Along with product "listing" (not certification - we need to change the language to be realistic and recognize risk management rather than deal in misleading absolutes) comes the "listing" of professionals. Interestingly enough, the existing PCI assessment industry is completely capable of filling this role but the role itself needs to be further matured. First, the PCI assessment standard needs to be fleshed out so that it is less subjective. That would provide a level of consistency that I would think the Payment Card Industry is interested in. For example, with regard to the actual "penetration testing" (what I would referr to as Security Assurance Testing) scanner vendors (like HP/SPI Dymanics [SPI-1] and IBM/Watchfire [Watchfire-1] ) have fairly loose requirements for producing "PCI compliance" reports. They've basically taken their inventory of checks and categorized them into the different things that PCI says you need to check for. What doesn't exist is some rule to say that producing a PCI compliance report requires that you've actually checked for ALL "publicly" known vulnerabilities in a given class of vulnerabilities PCI says you need to check for. To go further, "publicly" should be defined to include not only published vulnerabilities but an aggregate of all proprietary vulnerabilities found in commercial products such as each other's products or even CORE's exploit frameworks (IMPACT) [CORE-1], or as part of the new market for exploits [register-1] & [wasabi labi-1].

Additionally, merchant assessments need to be used by the Payment Card Industry as a "spot check". To follow the U.L. model, the PCI accredited assessment companies would issue "certificates" to their customers once all (perhaps High and Moderate but not Low?) risk issues were remediated as evidenced by re-testing. The customers would then submit the "certificates" to Visa to do business with Visa. Visa then should submit the certificate to the PCI Laboratories where it should go into a "fish bowl" as a candidate for "spot check". Depending on how bad the PCI felt the industry was doing against fraud and identity theft (what I am assuming is driving their current effort), they could scale the number of spot-checks up or down.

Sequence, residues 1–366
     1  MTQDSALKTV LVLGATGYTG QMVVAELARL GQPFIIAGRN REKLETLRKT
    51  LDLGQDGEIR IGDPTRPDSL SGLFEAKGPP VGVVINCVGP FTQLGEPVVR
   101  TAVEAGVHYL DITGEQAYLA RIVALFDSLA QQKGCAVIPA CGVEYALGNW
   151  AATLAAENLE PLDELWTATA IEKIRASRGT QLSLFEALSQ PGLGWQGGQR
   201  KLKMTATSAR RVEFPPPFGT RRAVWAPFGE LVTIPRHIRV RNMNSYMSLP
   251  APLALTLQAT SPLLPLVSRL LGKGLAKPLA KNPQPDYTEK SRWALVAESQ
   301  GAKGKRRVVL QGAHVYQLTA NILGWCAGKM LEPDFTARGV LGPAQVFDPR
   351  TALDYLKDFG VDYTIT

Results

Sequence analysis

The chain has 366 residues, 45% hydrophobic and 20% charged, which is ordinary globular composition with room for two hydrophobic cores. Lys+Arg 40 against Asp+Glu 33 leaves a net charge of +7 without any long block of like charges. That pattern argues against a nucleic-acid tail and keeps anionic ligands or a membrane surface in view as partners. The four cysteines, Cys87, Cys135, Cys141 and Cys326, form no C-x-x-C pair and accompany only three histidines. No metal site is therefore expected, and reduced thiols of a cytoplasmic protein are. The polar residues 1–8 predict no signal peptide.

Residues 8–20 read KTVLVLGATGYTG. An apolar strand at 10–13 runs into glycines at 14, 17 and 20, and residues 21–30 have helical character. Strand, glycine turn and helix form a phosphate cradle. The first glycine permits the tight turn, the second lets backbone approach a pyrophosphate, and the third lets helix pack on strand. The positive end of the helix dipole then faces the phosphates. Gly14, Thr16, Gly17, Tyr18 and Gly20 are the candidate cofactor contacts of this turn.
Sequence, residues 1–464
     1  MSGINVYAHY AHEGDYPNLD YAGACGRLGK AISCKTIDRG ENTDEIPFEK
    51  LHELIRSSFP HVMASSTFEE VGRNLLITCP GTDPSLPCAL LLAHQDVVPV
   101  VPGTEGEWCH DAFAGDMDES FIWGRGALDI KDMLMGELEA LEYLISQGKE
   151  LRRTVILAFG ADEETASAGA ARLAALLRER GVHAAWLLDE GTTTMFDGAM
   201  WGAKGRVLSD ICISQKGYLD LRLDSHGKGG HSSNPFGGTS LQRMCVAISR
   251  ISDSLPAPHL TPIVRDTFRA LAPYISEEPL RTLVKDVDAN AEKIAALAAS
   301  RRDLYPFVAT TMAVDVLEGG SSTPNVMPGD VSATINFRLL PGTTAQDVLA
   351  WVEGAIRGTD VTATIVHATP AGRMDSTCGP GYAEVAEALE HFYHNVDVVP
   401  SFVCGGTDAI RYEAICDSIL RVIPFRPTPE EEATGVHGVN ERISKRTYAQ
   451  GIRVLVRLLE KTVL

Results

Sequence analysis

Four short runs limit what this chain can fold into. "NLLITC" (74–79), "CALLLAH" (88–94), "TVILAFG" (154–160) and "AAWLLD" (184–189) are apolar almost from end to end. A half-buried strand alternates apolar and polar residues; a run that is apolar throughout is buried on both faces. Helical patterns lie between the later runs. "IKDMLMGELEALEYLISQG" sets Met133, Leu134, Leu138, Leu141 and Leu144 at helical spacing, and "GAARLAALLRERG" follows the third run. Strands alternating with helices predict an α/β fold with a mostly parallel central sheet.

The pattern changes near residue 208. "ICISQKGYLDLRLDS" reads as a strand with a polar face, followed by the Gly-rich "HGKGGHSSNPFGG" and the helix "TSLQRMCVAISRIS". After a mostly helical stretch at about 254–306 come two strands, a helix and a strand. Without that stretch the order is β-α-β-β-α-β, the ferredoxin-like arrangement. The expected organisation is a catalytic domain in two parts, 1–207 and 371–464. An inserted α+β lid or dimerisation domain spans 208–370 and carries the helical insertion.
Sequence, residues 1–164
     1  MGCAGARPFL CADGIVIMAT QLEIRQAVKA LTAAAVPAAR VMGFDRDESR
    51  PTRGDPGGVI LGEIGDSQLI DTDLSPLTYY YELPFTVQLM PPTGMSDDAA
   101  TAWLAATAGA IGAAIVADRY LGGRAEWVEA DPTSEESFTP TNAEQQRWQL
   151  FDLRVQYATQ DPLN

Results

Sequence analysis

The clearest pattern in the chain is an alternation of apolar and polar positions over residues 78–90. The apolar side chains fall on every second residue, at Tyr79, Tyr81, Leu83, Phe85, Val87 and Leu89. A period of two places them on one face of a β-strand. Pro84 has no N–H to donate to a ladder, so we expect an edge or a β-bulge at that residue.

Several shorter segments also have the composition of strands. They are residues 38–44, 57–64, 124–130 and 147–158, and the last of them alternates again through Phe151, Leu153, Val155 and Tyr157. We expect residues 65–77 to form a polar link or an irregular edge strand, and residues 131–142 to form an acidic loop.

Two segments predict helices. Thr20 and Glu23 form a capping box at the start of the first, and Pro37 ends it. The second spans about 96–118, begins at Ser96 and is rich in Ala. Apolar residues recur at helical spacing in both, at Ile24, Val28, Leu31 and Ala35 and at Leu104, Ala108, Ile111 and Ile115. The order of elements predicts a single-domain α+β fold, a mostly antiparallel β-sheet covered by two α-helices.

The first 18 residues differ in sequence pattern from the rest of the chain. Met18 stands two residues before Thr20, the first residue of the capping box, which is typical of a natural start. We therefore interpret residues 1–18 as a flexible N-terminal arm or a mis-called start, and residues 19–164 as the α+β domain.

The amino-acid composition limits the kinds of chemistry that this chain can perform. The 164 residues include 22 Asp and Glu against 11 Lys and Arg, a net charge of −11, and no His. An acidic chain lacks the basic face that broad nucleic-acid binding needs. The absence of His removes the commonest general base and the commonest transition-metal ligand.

The company that did the assessment being "spot-checked" should of course, be excluded from any opportunity to spot-check their own work. The PCI Laboritories should also never use an internal team for this function since that would create a conflict of interest given PCI Laboratories would be "selling" the accreditations. The stakeholders (the Payment Card Industry) would be best served by this restriction because even though such behavior would be contrary to the organization's objectives, those within a profit center can be short-sighted when it comes to career advancement. Let's face it, even a non-for-profit likes nicer offices and most people running a "profit-center" in any company will eventually think, "I can move up if I get their attention by growing revenues".

As for the details of the spot-check, it must be recognized that environments and code regularly change. Hopefully, by only using "listed" components these changes will improve the security of the installation but configurations may need to be updated manually and some "fixed issues" can resurface as new classes of vulnerabilities are discovered. Therefore, part of fleshing out the specification has to include detailed reporting by the assessment company of what was tested (not just what was found), when, and against what targets. That will mean "positive", not just "negative" criticism (findings) will appear in reports. Part of the more "operational" aspects of the PCI standard could also be expanded to assure auditing was sufficient to address changing environments vs. accredited assessment quality.

This finally seems to hint at the answer of "is more regulation be required". A PCI lead lab that emulated the insurance industry's not-for-profit U.L. would be preferrable to say, expanding some government organization like NIST or GAO into this role. Government organizations are subject to the whims of changing administrations and lobbiests who might like to see requirements eased to "grow the industry and the economy". While this seemed like the U.L. might expand into this role, it appears that at least the Payment Card Industry has decided that prevention is better than (or perpahsp necessary for?) insurance. While the PCI may be less critical of itself than it's underwriters, at very least they have demonstrated that they have some real skin in the game and are ripe for the non-biased guidance of a "PCIL" if not a "Cyber UL".

As a closing note, I would hope to suggest that given the free guidance of this author, it would be a nice philanthropic gesture to share PCIL's findings not only with the PCI compliance industry and it's customers, but with the public in general. The PCIL can assure that non-merchant sites (which may also store identities of payment card customers) and home PCs benefit from access to PCIL product listings.

Special thanks to Aleph One and Bruce Schneier, both of whom publicly cited my original paper in some very public places and are probably responsible for the majority of it's readership. Additional thanks to Steve Christey, from Mitre who asked me about Cyber UL at Source 2008 and actually knocked that final piece into place. I hope this acknowledgement makes up for the lame response I gave in my state of shock at the fact that of all the L0pht guys on the pannel, I got not only A question but the very first one. Shout out to Jeremey Jethro and to #convers - both still alive in 2008!